Harrisonburg to retain metropolitan designation until at least 2030

A sign on West Market Street welcomes people to the metropolis of Harrisonburg.

By Eric Gorton, senior contributor

Harrisonburg will maintain its status as a metropolitan statistical area for at least the next decade – news the city was happy to receive last week.

That’s when the U.S. Office of Management and Budget announced it would continue to classify communities with a population of at least 50,000 in the core city as an MSA.

In January, a technical advisory committee to the OMB had proposed doubling the minimum population for core cities of MSAs from 50,000 to 100,000 to keep pace with the country’s population growth. That would have reclassified Harrisonburg and 143 other cities in 45 states and Puerto Rico as micropolitan areas.

Harrisonburg’s population is a little more than 54,000, according to the Harrisonburg Economic Development website. Rockingham County, with a population just under 80,000, also is part of the Harrisonburg Metropolitan Statistical Area, bringing the total population of the area to almost 134,000.

At stake, Harrisonburg and the other jurisdictions feared, was hundreds of thousands of dollars in federal grants and assistance that have been tied to the MSA designation.

“We are very pleased that the concerns of local governments such as ours were heard loud and clear and that this proposed change did not materialize,” city spokesman Mike Parks said in an email Thursday.

One of the city’s main concerns, Parks said, was that the change could impact the amount of Community Development Block Grant funding the city receives.

“Those funds have a significant, positive impact on the low-income programs, populations and neighborhoods in Harrisonburg. … The loss of that program would have far-reaching negative impacts,” he said.

Parks said the city was also concerned such a change would hurt the city’s efforts to attract business and other economic development efforts.

Chris Quinn, president of the Harrisonburg-Rockingham Chamber of Commerce, also had concerns with the proposed change. Like Parks, Quinn said in an email interview that an MSA is an important benchmark that helps determine federal funding and economic development success.

“Chambers across the country have been watching and communicating with each other on the topic as well as sharing their thoughts and concerns,” Quinn said.

Parks said city officials made their concerns known to U.S. Rep. Ben Cline (R), whose district includes Harrisonburg, in March. Cline was among 53 House members who wrote a letter to the OMB on March 16 protesting the proposed change. It argued that the only rationale for the recommended change — that the U.S. population had doubled since the MSA designation was created around 1950 — was “devoid of any cogent, scientific, or statistically relevant standard.”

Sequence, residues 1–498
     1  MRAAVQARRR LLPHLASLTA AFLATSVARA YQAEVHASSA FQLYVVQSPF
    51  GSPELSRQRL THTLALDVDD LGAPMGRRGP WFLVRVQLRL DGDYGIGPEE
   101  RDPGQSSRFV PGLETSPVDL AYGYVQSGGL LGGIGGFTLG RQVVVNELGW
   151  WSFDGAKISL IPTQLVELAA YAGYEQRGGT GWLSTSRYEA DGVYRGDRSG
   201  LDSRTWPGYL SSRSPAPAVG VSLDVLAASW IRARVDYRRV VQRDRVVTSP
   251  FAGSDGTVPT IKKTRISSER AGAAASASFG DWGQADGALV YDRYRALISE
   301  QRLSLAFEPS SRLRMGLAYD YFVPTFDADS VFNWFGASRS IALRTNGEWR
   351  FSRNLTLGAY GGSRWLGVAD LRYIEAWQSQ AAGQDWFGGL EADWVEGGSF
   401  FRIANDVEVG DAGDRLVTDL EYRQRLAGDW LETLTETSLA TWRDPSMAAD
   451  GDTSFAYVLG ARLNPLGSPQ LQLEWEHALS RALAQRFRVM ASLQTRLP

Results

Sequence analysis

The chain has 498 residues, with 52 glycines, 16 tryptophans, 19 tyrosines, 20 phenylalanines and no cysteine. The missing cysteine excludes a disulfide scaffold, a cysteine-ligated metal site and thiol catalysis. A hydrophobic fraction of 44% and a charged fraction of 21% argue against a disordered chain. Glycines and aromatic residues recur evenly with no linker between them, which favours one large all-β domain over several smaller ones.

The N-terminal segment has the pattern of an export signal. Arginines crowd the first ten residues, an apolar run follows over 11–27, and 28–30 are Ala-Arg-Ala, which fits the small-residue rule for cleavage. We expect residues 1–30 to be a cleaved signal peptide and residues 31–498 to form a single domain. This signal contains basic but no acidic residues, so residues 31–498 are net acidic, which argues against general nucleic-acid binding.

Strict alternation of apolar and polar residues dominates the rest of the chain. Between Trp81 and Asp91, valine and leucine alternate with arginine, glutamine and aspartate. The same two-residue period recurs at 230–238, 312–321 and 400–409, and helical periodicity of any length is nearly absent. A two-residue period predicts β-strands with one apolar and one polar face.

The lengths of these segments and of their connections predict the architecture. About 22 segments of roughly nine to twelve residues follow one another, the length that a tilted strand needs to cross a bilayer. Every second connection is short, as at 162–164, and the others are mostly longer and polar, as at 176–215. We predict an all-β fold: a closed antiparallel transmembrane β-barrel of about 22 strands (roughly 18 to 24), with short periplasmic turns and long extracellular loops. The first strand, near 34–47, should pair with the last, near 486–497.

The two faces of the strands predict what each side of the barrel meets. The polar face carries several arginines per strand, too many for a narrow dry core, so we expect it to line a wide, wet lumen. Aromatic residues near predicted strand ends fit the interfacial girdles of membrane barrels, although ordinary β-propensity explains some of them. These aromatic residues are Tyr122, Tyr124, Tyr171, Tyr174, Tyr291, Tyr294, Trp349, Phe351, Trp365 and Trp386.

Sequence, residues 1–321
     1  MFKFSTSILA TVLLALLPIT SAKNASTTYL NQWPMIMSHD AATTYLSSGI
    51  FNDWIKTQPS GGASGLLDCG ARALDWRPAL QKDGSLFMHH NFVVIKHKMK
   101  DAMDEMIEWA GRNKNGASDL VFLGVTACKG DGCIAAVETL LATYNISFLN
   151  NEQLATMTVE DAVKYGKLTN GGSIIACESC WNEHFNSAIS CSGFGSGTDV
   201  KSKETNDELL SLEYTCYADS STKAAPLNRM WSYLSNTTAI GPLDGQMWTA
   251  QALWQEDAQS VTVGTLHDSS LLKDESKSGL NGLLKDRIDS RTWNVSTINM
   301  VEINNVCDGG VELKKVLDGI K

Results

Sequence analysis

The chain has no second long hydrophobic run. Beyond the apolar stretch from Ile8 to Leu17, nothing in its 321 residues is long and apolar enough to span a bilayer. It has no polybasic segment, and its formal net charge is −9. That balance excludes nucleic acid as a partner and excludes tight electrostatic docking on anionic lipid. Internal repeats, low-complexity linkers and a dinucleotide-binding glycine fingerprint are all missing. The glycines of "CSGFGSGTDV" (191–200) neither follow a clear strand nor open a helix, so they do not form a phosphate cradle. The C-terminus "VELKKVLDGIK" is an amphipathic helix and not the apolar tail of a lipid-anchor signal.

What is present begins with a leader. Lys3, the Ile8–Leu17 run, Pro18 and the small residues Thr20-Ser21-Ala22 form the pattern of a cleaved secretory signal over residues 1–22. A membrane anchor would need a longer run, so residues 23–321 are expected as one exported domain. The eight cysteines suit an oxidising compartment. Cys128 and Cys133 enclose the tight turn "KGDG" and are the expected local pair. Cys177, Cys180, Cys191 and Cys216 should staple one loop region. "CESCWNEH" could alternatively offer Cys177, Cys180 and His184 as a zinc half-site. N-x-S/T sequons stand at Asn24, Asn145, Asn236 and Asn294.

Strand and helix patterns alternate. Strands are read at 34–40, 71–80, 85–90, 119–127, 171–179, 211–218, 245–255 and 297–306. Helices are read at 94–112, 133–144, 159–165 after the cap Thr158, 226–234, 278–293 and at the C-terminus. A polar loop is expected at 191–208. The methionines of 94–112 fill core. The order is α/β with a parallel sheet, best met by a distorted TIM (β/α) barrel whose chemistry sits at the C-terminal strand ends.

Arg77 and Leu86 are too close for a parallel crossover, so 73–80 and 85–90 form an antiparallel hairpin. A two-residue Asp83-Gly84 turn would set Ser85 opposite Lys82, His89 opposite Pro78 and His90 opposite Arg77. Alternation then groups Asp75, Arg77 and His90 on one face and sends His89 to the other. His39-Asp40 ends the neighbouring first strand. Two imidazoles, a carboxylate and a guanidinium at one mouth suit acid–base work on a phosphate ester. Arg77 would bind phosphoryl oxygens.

The letter also stated that changing the designation now “would create crucial data inconsistencies” and that “losing an MSA designation could mean tens or hundreds of millions of dollars in lost federal grant money to communities already struggling to rebuild economic engines that have been damaged by our current Covid-19 crisis.”

Last week, Cline released a statement praising the OMBs decision to maintain the 50,000 criteria for determining the core city of a MSA.

“The proposal to change the population criteria for Metropolitan Statistical Areas would have hurt Sixth District localities, and I am pleased that the Office of Management and Budget acknowledged my concerns and reversed course,” Cline said. “The decision to maintain the 50,000 resident threshold is a win for the people of Harrisonburg and Staunton, and I am proud to have played a part in ensuring this arbitrary proposal did not come to fruition.”

The Staunton-Waynesboro MSA includes those two cities and Augusta County.

In its announcement that it would maintain the 50,000 population threshold, the OMB stated that statistical area standards are intended for statistical purposes only to help ensure federal agencies that classify statistics, such as unemployment numbers or gross domestic product levels, by geographic area do so consistently across government.

“Following a public comment period, the Committee submitted a revised recommendation to leave the current Metropolitan Statistical Areas (MSA) core population threshold in place,” the announcement stated.

The OMB considers updates to the standards every 10 years to ensure their continued usefulness and relevance for statistical agencies.

“Recognizing the committee’s concern that MSA thresholds have not kept pace with population growth, OMB will work with the Standards Review Committee to conduct research and stakeholder outreach to inform the 2030 standards update,” the agency stated.

Quinn said localities need to monitor the regulatory and the rule making process heading into the 2030 review.

“Two words,” he said. “Stay engaged. That would be my advice to anyone watching this issue.”

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